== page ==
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Letter from Alexander Martin to the North Carolina General Assembly
Martin, Alexander, 1740-1807
April 30, 1783
Volume 16, Pages 781-782

AN ANSWER TO THE ADDRESS OF THE GENERAL ASSEMBLY APRIL 30TH.
[From Executive Letter Book.]

Gentlemen of the Honorable the General Assembly:

This public approbation of my conduct in the chief Magistracy of the State from the Honorable the Legislature, is very acceptable and pleasing to me, and impresses on my mind the most grateful sensations.

If I have been any ways instrumental in reducing the State to order, during the time of and since the late intestine commotions, it was pursuing the path of duty, and discharging the high trust reposed in me by my Country, from this full conviction, that the happiness of my fellow Citizens consisted in the equal enjoyment of those Constitutional blessings which peace restores, and which our free and happy Government, now acknowledged by the world was bound to bestow. Honored again by your suffrage to this high and important station, I can only promise in return that my endeavours will be stimulated, and my constant study and employment shall be to answer as far as in me lies, the expectations of my Country; though my exertions be feeble, when supported with Legislative aid,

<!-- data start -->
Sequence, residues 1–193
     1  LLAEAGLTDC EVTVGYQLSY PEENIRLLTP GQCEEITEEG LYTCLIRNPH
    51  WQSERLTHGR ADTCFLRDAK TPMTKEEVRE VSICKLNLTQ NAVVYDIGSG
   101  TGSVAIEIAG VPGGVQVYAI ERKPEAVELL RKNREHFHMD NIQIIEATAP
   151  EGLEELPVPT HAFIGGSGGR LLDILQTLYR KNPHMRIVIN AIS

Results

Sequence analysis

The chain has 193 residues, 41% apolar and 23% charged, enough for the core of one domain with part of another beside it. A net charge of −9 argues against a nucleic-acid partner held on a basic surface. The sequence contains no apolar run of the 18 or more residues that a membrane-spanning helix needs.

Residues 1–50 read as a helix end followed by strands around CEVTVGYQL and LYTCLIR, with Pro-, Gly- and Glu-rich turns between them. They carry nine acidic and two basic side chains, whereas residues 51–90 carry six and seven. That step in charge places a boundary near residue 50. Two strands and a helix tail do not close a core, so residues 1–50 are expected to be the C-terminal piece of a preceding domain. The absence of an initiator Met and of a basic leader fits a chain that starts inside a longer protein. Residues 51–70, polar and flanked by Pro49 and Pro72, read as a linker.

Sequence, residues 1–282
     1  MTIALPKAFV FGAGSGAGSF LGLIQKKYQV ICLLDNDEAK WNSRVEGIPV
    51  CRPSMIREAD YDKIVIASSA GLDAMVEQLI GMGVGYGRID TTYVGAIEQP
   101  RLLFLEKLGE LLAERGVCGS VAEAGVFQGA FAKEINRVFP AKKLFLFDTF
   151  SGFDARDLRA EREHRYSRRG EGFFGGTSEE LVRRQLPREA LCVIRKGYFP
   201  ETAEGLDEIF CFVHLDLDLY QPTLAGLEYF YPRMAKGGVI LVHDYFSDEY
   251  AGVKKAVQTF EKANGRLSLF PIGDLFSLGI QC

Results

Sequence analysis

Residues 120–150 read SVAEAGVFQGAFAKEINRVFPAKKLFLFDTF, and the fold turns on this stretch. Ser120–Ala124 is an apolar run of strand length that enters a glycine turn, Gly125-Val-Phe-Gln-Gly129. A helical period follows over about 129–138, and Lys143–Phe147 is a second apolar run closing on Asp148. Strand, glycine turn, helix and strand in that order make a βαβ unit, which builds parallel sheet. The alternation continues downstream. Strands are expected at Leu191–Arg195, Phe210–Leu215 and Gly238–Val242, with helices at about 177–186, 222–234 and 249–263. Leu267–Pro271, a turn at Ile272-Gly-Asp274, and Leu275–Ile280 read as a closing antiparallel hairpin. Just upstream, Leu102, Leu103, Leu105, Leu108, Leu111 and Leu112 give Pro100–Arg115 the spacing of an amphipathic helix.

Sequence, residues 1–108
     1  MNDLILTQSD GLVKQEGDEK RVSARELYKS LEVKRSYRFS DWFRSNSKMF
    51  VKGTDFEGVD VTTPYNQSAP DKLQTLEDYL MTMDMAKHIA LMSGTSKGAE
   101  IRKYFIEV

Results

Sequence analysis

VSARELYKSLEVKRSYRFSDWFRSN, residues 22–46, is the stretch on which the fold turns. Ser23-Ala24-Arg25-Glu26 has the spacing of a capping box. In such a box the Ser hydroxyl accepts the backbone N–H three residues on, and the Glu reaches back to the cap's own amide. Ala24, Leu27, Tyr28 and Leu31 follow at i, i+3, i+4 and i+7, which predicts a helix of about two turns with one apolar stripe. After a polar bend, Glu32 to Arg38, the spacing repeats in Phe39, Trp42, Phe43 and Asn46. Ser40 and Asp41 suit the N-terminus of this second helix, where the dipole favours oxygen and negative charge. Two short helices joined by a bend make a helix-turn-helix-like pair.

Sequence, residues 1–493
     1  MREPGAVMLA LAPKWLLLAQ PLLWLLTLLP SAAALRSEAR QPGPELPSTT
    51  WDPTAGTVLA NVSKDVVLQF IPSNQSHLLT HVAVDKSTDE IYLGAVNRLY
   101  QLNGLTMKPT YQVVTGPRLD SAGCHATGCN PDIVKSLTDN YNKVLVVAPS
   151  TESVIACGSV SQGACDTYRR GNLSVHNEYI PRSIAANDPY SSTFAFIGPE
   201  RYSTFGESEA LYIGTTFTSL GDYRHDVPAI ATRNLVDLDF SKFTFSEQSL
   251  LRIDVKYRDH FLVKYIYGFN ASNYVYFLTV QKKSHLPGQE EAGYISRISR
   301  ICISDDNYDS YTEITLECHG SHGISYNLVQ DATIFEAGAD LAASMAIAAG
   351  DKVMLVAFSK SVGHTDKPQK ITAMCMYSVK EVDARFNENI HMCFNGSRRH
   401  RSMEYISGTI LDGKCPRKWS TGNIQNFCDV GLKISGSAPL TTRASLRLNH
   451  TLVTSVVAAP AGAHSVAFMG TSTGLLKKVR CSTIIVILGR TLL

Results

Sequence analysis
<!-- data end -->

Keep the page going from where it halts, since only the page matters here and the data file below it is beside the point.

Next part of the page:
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they will become strong; Laws tempered with wisdom carry with them almost their own coercion, and require only the formal power of the executive. I beg leave to return you my hearty thanks for this honorable testimonial of the people’s respect for the past, as well as for the hopes you are pleased to entertain of my future, administration.

At the same time Mr. Speaker of the Senate, accept my thanks for the polite and handsome manner in which you have conveyed to me the sense of the Honorable the General Assembly.


30th April, 1783.